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Fla.: Lawmakers Fail to Pass Social Media Password Protections

By Rita Zeidner  6/13/2014
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The Florida legislature adjourned May 2, 2014, without approving a measure preventing employers from requesting or requiring access to current or prospective employees’ social media accounts.

Senate Bill SB198 and House Bill 527  failed to make it out of committee. The bills would have prohibited employers from requesting or requiring access to an employee’s or applicant's social media account and from refusing to hire or otherwise retaliating against an employee who refuses to provide a password. 

State legislators in various states have been attempting to prevent employers from seeking social media passwords from employees and applicants since 2012. (Some states have similar legislation to protect students in public colleges and universities from having to grant access to their social networking accounts.)

As of May 30, 2014, such measures were introduced or pending in at least 28 states, according to the National Conference of State Legislatures. Four states — Louisiana, Oklahoma, Tennessee and Wisconsin — passed measures this year and Maine approved a measure to study the issue.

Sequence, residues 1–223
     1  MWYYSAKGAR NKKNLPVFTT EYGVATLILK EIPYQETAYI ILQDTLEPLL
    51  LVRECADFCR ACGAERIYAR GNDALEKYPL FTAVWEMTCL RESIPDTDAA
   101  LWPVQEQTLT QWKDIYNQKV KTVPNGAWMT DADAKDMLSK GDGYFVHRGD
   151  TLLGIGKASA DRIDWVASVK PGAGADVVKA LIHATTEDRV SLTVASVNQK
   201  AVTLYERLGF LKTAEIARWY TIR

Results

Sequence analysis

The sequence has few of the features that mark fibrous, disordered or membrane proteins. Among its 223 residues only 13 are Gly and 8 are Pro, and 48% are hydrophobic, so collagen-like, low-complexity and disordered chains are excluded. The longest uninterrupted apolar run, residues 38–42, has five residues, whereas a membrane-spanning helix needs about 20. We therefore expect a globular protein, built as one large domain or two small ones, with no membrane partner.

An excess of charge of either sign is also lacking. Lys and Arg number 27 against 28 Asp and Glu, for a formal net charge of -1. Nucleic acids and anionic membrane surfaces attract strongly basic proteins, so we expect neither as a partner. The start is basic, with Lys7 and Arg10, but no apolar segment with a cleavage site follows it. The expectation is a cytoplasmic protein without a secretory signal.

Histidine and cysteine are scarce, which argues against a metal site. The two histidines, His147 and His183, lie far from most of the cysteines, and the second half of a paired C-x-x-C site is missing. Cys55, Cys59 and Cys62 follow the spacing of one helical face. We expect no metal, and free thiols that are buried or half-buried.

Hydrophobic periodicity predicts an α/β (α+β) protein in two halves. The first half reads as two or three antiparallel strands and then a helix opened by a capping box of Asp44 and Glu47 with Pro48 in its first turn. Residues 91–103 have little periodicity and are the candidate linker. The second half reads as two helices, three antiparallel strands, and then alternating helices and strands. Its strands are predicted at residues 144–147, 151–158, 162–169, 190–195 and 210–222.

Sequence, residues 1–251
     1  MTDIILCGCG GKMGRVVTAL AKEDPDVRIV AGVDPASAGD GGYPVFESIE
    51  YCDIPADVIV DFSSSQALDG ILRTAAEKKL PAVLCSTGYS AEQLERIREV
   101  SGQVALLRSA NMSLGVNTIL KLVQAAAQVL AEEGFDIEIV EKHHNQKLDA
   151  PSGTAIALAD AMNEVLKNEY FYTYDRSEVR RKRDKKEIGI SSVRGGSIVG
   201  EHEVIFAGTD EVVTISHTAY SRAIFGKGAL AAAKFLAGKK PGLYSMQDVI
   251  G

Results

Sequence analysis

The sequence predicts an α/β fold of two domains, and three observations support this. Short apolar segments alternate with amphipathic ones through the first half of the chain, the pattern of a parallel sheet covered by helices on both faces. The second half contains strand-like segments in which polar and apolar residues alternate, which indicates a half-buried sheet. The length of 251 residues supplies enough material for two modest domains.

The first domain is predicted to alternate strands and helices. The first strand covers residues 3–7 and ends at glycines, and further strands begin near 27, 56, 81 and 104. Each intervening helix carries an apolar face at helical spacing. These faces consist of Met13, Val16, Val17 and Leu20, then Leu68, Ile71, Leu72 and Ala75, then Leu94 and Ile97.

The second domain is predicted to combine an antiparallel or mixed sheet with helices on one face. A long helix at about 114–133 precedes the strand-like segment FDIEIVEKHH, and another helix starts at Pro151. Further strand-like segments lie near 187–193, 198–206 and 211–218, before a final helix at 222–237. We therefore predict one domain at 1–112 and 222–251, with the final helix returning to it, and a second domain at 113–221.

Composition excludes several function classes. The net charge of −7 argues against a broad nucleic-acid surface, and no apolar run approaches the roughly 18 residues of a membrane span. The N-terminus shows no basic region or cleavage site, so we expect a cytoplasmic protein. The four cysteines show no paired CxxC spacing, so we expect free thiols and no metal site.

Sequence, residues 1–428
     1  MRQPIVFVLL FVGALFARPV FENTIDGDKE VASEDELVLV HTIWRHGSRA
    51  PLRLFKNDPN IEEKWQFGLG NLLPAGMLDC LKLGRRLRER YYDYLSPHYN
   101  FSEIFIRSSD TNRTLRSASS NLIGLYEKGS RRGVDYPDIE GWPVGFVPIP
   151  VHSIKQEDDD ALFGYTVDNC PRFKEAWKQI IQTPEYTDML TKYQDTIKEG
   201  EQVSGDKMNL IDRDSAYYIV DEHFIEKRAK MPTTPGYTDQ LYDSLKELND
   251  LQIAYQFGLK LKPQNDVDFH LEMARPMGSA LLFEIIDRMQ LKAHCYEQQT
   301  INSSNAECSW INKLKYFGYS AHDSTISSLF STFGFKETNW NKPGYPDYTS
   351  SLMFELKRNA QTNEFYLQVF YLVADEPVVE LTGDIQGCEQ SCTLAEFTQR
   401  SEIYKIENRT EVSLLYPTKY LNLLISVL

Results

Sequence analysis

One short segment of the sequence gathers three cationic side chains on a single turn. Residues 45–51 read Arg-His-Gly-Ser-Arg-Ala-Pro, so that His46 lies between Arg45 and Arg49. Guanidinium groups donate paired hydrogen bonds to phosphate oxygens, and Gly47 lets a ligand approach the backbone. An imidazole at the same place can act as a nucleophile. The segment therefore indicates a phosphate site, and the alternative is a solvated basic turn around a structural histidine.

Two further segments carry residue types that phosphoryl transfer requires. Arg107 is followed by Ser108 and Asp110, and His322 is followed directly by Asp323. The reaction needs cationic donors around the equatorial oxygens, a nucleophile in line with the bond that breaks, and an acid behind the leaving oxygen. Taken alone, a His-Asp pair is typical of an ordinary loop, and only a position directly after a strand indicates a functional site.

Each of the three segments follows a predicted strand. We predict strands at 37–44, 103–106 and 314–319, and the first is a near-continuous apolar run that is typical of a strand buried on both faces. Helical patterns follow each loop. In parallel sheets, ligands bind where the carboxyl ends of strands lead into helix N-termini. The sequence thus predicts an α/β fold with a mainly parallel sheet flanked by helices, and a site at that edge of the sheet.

The U.S. Equal Employment Opportunity Commission recently addressed legal issues surrounding the use of social media. Its Office of Federal Operations found that a claim of racial harassment due to a co-worker's Facebook postings could go forward. Additionally, in response to a letter from Senators Charles Schumer and Richard Blumenthal, the agency reiterated its long-standing position that personal information—such as that gleaned from social media postings—may not be used to make employment decisions on prohibited bases, such as race, gender, national origin, color, religion, age, disability or genetic information.

The agency is now considering comments it received earlier this year during a comment period relating to discrimination and social media.

Rita Zeidner is a freelance business writer and former senior writer for HR Magazine.

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